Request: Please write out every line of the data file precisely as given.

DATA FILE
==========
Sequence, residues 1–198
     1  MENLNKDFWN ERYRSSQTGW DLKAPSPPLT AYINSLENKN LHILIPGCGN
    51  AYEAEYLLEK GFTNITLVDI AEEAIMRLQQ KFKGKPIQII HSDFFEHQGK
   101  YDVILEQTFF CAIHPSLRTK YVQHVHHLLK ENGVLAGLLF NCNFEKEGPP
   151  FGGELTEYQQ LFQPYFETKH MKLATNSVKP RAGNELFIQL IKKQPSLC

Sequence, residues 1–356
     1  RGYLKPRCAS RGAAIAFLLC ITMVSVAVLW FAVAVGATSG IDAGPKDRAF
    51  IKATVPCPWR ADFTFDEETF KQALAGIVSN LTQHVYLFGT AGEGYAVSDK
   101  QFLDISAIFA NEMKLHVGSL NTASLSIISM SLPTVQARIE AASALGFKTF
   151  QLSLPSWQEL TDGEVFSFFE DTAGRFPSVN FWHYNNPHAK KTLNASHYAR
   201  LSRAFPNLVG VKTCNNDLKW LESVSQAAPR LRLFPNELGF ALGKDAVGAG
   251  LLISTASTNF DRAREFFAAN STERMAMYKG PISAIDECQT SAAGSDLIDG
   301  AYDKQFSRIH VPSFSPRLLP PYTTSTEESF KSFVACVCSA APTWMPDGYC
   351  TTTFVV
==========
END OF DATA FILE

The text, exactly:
Sequence, residues 1–198
     1  MENLNKDFWN ERYRSSQTGW DLKAPSPPLT AYINSLENKN LHILIPGCGN
    51  AYEAEYLLEK GFTNITLVDI AEEAIMRLQQ KFKGKPIQII HSDFFEHQGK
   101  YDVILEQTFF CAIHPSLRTK YVQHVHHLLK ENGVLAGLLF NCNFEKEGPP
   151  FGGELTEYQQ LFQPYFETKH MKLATNSVKP RAGNELFIQL IKKQPSLC

Sequence, residues 1–356
     1  RGYLKPRCAS RGAAIAFLLC ITMVSVAVLW FAVAVGATSG IDAGPKDRAF
    51  IKATVPCPWR ADFTFDEETF KQALAGIVSN LTQHVYLFGT AGEGYAVSDK
   101  QFLDISAIFA NEMKLHVGSL NTASLSIISM SLPTVQARIE AASALGFKTF
   151  QLSLPSWQEL TDGEVFSFFE DTAGRFPSVN FWHYNNPHAK KTLNASHYAR
   201  LSRAFPNLVG VKTCNNDLKW LESVSQAAPR LRLFPNELGF ALGKDAVGAG
   251  LLISTASTNF DRAREFFAAN STERMAMYKG PISAIDECQT SAAGSDLIDG
   301  AYDKQFSRIH VPSFSPRLLP PYTTSTEESF KSFVACVCSA APTWMPDGYC
   351  TTTFVV